How to Reform Health Care When Congress Is Divided

Published January 10, 2019

With Democrats having a majority of seats in the U.S. House of Representatives, it will be nearly impossible for federal lawmakers on either side of the aisle to replace the Affordable Care Act in the next two years. However, that doesn’t mean important health care reforms can’t be achieved.

Obamacare has been a disaster, plain and simple. Among its highlights: unaffordable premiums, skyrocketing deductibles, huge increases in Medicaid rolls, and fewer options for health care providers. Not only has Obamacare been outrageously expensive and conflict-ridden, it’s also on the road to financial collapse. Because many young, healthy Americans have chosen not to enroll in Obamacare due to its high costs, older and sicker people are overly represented in exchanges, driving up costs even more and creating a death spiral for this massive government boondoggle.

Although almost all Democrats initially supported Obamacare, many on the left no longer favor the program. However, this does not mean they have reversed course on their health care philosophy. Rather than embrace free-market solutions to America’s health insurance crisis, most Democrats want to give even more power to the very same people that screwed up the health insurance industry in the first place: government bureaucrats and so-called “experts” like Obamacare architect Jonathan “the stupidity of the American voter … was really critical for the thing to pass” Gruber.

In fact, a majority of Democrats now support some form of Sen. Bernie Sanders’ (I-Vermont) “Medicare for All” plan — which could cost an alarming $32 trillion over 10 years, according to a report by the Mercatus Center.

 Despite Democrats’ growing affection for Medicare for All, there’s no chance the Republican-led Senate will ever go along with such a radical proposal. However, the very fact that so many Democrats have lost faith in Obamacare may open the door for a health care reform renaissance at the state level.

The Trump administration has already embraced federalism by encouraging state lawmakers in both parties to use Section 1332 State Innovation Waivers to enact short-term, limited-duration health plans; Medicaid work requirements; and association health plans, among other policies. And the presence of a divided Congress makes it far more likely the Trump administration, which has repeatedly said it’s eager to help lower health insurance costs, will issue even more state-friendly health care rule changes.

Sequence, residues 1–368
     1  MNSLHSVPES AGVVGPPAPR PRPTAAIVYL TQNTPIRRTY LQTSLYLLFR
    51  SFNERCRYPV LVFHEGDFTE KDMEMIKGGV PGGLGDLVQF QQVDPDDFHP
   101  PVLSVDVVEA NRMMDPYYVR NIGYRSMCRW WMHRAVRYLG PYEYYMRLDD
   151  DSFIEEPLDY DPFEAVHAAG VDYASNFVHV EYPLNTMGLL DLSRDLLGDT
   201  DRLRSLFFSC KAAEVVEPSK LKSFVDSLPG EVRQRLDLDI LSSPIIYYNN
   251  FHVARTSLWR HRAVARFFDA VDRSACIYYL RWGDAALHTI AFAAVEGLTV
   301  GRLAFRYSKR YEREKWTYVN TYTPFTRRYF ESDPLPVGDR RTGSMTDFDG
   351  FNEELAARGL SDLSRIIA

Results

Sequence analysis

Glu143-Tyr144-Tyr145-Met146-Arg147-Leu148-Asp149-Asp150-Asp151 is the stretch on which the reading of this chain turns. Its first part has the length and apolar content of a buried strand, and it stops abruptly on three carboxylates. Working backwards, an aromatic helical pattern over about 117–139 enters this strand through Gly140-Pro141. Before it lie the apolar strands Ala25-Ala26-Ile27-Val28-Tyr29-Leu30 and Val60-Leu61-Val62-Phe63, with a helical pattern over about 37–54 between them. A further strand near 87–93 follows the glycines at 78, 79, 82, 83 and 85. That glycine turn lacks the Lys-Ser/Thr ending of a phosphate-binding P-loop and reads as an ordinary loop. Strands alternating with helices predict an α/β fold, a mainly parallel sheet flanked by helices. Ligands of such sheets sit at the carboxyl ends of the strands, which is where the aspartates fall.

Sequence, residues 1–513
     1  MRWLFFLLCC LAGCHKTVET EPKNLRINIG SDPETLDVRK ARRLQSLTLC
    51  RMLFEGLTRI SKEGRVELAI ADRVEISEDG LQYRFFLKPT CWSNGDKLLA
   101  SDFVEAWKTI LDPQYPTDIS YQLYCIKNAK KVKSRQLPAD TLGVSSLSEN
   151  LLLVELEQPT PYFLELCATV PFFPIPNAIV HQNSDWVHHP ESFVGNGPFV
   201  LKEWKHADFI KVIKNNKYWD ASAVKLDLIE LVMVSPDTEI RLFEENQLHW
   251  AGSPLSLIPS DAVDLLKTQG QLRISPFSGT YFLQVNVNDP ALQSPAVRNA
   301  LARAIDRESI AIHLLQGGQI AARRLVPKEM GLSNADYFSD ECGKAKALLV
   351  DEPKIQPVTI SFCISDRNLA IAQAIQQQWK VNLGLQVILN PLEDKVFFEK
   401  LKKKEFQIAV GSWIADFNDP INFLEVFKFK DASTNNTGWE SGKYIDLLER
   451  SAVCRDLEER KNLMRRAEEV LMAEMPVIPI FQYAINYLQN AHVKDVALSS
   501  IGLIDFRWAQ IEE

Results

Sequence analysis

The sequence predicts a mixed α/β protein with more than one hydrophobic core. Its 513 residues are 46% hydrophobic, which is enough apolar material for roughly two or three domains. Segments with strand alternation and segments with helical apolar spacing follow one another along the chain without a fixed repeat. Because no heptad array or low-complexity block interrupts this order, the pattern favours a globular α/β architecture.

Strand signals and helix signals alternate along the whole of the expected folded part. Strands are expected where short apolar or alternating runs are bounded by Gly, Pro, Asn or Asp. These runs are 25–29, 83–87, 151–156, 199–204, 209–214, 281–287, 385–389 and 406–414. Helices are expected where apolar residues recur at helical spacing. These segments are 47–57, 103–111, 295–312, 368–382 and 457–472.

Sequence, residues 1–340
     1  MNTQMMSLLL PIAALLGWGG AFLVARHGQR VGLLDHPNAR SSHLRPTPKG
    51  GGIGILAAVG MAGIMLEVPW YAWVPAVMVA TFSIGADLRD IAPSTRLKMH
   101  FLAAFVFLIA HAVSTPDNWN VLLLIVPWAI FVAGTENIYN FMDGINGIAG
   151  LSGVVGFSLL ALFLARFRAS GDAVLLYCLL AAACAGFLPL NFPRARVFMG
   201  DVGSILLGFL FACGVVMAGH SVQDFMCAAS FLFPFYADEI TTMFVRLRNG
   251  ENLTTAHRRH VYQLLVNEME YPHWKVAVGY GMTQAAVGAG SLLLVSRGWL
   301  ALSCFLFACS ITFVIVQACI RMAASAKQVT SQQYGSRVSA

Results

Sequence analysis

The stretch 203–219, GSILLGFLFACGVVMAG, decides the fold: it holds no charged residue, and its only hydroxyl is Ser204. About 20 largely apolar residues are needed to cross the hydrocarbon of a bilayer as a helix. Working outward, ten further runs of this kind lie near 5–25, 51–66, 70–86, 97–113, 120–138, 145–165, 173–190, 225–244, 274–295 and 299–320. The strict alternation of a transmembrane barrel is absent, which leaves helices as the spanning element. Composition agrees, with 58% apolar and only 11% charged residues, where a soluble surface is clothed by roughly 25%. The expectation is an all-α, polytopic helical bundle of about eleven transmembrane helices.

In the wake of the election, Trump administration officials have started to advocate for state-based reforms. For instance, on November 13, Centers for Medicare and Medicaid Services (CMS) Administrator Seema Verma tweeted, “Starting in April of last year, the Trump administration called for a new era of state-federal partnership in #Medicaid. I believe a great deal of progress has been made on that front already.”

Among the reforms Verma has thus far indicated CMS will roll out is a proposal to make it easier for Medicaid and Medicare recipients to receive telehealth services.

Echoing Verma’s statement, Department of Health and Human Services Secretary Alex Azar tweeted, “With a spirit of partnership between federal and state governments, we have tremendous potential to confront the serious health challenges our country faces.”

Azar’s agency, working in coordination with CMS, could potentially unbridle state-based health care reforms that would dramatically reduce health care costs while simultaneously increasing access to quality care. Just to name a few possibilities, HHS could expand the breadth of services eligible for payments with health savings accounts, as well as issue rule changes that would further degrade Obamacare’s centralized, one-size-fits-all approach.

Obamacare has become the lemon on the corner of the lot that few lawmakers want to test drive, much less buy, but thanks to the Trump administration’s push for federalism in health care, important reform options remain.

[Originally Published at Inside Sources]